Last time we checked on poker happenings from New Jersey, the 2012 version of that state’s move to regulate online gambling for its residents had just passed the New Jersey Assembly, and was head on to the NJ Senate, where it was due for a December 20th vote.
To no one’s surprise, the bill sailed through. We could even shockingly report that opposition to the bill was 50% stronger this time, since it was 34-2 last time, and 33-3 for this version. From there, the bill has since moved on to the desk of Governor Chris Christie, where… nothing has happened.
And a whole lot of poker media outlets have duly reported that, yes, nothing has happened.
Hate to join the pack, so let’s ask instead, why is Christie (again) dragging his toes?
The answer may well have to do with Christie’s future national aspirations, which like his waist, are considerable. It no longer seems to be a question of whether or not this bill is going to happen; the constitutional issues Christie raised before vetoing a similar measure in 2011 no longer seem to be in play, and the Jersey economy is in dire need of something that can reported as a positive boost.
There also seem to be plenty of votes to override a veto and make legal online poker happen in New Jersey anyway, even if Christie goes thumbs-down.
So why the wait?
What’s likely happening here is that Christie is waiting for the most advantageous moment to either sign or veto the measure. If he’s really eyeing the national stage, then the GOP and its loudly voiced platform planks against online gambling have to be considered, since the issue has the potential of being used against him by the powerful right-wing factions of the party.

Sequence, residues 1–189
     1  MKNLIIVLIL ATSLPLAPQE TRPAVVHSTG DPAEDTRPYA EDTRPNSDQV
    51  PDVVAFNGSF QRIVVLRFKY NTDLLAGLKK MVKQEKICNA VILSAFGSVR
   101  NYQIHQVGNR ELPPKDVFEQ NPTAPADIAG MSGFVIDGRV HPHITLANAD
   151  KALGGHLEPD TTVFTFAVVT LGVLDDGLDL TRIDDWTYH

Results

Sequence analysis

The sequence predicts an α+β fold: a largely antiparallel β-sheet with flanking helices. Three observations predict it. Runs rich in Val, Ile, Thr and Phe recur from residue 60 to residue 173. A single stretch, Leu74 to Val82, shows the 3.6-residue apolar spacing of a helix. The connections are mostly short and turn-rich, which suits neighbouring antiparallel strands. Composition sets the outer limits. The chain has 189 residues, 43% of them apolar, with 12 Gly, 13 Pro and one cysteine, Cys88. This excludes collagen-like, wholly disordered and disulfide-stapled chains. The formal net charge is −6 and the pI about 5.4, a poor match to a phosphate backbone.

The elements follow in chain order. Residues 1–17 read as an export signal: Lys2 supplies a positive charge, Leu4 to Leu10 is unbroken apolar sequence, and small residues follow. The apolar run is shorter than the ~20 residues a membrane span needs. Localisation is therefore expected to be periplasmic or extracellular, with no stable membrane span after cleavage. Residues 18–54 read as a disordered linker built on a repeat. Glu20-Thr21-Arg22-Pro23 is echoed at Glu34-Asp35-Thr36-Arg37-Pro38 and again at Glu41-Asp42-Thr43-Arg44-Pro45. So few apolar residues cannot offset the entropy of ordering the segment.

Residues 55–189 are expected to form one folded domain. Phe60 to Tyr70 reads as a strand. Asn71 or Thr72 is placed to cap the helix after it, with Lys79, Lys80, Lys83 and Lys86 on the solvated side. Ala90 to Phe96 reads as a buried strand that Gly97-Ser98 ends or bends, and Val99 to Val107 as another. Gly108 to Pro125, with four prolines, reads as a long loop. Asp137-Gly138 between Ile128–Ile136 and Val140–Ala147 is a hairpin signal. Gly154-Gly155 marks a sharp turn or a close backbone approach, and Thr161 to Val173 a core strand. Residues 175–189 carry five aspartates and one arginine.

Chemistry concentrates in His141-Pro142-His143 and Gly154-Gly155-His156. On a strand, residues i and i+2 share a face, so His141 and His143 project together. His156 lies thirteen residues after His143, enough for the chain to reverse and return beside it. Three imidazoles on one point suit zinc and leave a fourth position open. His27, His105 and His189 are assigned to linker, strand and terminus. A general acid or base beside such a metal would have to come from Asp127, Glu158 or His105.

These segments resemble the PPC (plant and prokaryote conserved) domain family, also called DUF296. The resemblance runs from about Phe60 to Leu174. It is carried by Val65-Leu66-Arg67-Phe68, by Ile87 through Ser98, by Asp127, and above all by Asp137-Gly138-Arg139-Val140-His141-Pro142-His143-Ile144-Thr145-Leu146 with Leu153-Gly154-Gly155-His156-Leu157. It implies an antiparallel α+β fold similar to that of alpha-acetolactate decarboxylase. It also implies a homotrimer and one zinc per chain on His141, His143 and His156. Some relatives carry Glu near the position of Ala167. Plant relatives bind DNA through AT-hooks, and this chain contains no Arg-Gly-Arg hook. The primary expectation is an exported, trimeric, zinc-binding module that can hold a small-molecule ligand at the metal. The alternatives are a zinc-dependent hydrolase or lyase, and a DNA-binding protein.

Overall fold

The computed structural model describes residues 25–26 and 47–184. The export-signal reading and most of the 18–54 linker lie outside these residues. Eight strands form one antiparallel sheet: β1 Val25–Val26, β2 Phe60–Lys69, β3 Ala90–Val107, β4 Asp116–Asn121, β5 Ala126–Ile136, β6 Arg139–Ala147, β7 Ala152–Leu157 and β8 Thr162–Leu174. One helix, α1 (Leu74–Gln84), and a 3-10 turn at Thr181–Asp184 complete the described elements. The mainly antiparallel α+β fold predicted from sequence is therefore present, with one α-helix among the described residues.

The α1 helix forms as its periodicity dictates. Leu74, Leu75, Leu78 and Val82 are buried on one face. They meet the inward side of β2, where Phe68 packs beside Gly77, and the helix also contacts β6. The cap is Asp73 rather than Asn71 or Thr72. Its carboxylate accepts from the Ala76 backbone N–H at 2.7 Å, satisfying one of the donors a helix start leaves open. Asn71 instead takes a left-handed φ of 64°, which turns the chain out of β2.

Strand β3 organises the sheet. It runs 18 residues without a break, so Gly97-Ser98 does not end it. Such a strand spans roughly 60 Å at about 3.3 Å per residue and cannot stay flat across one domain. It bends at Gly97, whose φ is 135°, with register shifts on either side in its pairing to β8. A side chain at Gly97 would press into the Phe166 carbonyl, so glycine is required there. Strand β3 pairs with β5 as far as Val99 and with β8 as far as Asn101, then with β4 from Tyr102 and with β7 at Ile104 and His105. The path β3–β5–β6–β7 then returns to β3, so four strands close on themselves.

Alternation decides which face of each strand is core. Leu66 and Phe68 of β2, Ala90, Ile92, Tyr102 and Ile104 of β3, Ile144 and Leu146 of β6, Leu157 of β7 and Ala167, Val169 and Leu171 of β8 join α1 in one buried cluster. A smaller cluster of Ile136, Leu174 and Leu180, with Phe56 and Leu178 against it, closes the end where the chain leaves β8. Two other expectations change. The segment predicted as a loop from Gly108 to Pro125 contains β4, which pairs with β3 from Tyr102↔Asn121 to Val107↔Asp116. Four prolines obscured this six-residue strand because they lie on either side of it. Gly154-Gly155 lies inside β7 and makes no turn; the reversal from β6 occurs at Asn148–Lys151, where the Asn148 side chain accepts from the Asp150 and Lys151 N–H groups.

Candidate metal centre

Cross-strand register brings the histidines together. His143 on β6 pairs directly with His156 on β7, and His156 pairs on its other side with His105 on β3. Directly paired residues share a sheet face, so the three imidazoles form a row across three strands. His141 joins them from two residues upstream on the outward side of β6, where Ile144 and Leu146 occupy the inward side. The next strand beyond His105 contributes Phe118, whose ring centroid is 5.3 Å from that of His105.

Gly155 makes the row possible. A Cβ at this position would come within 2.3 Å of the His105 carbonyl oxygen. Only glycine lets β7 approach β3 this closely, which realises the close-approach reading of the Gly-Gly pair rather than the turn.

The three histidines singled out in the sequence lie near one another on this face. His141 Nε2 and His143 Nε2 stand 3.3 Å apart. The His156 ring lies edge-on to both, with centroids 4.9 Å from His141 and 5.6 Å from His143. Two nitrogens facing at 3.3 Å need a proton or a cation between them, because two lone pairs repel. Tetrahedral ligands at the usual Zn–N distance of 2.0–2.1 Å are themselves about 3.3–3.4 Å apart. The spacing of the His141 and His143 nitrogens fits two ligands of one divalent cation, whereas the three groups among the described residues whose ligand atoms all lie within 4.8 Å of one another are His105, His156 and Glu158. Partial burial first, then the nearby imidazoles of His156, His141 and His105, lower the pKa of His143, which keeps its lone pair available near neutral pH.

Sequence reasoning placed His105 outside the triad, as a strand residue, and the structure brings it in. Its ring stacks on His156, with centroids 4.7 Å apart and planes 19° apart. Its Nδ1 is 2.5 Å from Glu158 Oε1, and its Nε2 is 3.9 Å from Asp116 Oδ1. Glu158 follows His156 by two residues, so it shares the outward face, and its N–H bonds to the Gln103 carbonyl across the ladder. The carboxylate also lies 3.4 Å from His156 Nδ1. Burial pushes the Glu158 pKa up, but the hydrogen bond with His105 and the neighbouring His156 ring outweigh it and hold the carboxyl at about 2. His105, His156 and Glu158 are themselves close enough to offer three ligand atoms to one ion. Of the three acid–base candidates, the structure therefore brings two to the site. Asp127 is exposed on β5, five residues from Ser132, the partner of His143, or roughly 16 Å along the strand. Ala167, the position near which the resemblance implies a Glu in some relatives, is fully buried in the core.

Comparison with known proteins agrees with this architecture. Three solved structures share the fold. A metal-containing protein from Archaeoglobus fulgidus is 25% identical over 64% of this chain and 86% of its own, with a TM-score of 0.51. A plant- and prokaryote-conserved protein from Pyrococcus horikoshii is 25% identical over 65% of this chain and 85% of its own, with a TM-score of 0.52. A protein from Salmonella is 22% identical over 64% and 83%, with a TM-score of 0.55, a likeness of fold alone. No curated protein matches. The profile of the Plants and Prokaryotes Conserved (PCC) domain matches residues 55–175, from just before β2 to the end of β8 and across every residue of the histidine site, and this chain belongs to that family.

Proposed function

In that case, Christie may well be crafting a way to sign the bill into law without causing too much friction with the GOP’s conservative right. Such a savvy politician might even consider issuing a statement suggesting that he might be morally opposed to certain aspects of the bill, but is going ahead and signing it to save the work of confronting a likely veto override.
Or he could go ahead and veto it again, and risk a little bit of backlash within New Jersey. One could even step back and consider this small bill as something as a litmus test, as to whether Christie’s primary interests remain within New Jersey, or are directed a bit farther south.
One thing’s for sure: Whenever this is signed or vetoed, likely sometime this month, expect it to happen on a Friday, the weakest news day in the weekly cycle. Since it’s an issue where Christie is likely to receive a bit of flak no matter which way he chooses, he’ll no doubt opt to minimize the news itself as much as possible. In both politics and business, that means Friday. Any Friday will do.
Regardless, it looks as though New Jersey will soon be the third state to official authorize intrastate online poker. The wave continues.
While you wait for online poker to be legal in New Jersey – test your poker skills at America’s Cardroom now!